"Hmmm..." I mused, looking back and forth between the map and the long, thin building. Did I really want to go in there? Really?
I began to file through my choices: Step in and get whisked off to some strange adventure, wander around for who know's how long until I got home, or stand here and weigh these options until everything shifted again and set me back to where I had started.
With a sigh, I rolled up the map and pushed the door open.
I nearly leapt out of my boots.
"This is the hall for all you lack-of-storyliners!"
I warily side-glanced the tall, librarian-type lady to my left, wondering what outburst she'd come out with next. She had a bob of brown hair, a rather plain dress, some tall shoes, and a pair of glasses that ended in horns--definatly a style I was unfamiliar with. She also clutched a titleless book.
"Well," she said, leaning closer and lowering her glasses to get a better look at me, "You look rather sure of yourself. You must be the protagonist."
I was about to point out that that had nothing to do with it, but she had already wrapped her free arm around my shoulders and was escorting me down the hall, answering a million other questions she assumed I had.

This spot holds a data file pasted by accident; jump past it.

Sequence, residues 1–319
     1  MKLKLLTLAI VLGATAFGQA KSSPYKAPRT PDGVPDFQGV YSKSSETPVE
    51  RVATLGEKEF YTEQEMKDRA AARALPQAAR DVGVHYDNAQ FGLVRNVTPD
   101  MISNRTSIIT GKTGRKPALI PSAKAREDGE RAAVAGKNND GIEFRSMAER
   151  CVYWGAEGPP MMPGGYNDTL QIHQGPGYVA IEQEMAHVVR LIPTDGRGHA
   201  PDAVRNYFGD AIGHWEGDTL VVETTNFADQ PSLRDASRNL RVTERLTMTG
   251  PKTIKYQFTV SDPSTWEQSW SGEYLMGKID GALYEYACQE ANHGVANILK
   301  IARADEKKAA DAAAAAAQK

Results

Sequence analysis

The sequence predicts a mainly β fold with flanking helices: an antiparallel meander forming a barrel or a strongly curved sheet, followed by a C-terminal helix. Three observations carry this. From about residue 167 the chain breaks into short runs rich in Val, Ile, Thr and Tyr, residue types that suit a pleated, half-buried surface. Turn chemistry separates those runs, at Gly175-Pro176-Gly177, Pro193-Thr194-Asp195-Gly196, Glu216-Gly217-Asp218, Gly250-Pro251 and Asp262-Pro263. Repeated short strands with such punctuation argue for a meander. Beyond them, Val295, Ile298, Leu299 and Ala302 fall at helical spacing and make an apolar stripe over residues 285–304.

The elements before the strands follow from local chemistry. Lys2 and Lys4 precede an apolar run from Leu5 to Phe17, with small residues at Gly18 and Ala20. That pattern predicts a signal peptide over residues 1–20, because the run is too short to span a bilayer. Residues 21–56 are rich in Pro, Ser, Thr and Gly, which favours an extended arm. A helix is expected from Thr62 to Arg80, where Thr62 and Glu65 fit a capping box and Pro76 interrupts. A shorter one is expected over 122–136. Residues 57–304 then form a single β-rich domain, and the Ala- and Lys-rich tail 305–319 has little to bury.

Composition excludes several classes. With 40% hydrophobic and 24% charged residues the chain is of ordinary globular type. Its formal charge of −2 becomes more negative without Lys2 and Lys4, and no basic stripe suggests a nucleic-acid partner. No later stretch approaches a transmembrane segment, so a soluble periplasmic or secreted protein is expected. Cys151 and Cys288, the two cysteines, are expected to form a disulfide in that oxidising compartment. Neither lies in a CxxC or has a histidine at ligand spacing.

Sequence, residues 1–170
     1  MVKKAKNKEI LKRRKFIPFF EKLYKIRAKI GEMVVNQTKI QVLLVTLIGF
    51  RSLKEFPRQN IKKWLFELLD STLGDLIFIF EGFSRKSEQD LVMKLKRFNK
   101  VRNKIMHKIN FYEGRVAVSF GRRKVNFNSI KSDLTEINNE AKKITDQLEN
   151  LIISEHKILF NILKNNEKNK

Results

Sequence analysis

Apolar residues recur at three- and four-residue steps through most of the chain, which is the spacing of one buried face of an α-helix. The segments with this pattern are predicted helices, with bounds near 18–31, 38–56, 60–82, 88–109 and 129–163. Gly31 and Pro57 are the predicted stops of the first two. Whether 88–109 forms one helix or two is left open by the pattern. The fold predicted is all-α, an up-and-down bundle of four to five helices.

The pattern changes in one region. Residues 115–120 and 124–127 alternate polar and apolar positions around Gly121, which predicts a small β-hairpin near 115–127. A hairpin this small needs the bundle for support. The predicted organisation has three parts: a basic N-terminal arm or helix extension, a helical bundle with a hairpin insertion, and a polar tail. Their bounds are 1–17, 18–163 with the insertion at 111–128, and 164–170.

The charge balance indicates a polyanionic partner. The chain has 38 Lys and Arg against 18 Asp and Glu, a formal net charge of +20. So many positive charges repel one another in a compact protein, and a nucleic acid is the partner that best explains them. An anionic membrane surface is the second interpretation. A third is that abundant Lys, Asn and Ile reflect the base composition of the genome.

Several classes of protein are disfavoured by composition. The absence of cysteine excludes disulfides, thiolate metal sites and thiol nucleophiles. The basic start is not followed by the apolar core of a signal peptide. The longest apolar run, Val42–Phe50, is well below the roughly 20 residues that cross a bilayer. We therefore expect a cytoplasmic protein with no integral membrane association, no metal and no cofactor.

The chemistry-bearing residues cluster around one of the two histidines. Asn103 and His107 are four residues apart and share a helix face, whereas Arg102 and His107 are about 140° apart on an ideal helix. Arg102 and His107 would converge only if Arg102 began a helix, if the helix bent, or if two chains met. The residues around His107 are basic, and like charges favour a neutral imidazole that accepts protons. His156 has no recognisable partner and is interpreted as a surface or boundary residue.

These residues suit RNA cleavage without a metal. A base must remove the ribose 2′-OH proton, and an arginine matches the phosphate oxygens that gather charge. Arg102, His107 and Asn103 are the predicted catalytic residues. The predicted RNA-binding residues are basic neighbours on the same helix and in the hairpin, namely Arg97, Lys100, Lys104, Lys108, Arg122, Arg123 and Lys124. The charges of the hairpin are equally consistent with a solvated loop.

"You see how this buildling is just one, continous hall? It's supposed to represent a storyline. We do occasionally have a few wild twists and turns here and there, but only to throw people off gaurd. Oh, by the way, I'm the welcomer," she giggled, "if you didn't notice. Here," she suddenly cut herself off and pointed at one of the thousands of doors that lined the hall, "is your dormitory. The dormitoriess are divided up between protagonists, side-characters, and antagonists. That way we avoid any major mishaps. And down here--"
"Thank you," I forced a smile and lifted her arm off of me, "But I really don't want to stay here. I need to get home. There is a battle coming up and if I don't tell the King about it soon--"
"Shh, shh, shh," she put a finger to her lips as if trying to soothe a small child, "Everything will be alright. Just stay here for the night and we will see what we can do about everything tommorrow."
I was an advisor. I knew when a person was lying--especially when it was to my face. But I also knew when I wasn't getting out of something. And, judging by her persistence and my helplessness, I wasn't. Not yet, anyways.
"Up there is the cafeteria. All the other doors lead to workshops that you and others like you will be attending. The last door leads to the head of Storyline Hall. Do not go there unless your invited. That's basically it."
I could tell she'd done this at least a million times. I wondered what her best time was on that speech.
"Well," she opened the door to my dorm and nudged me inside, "Have fun!"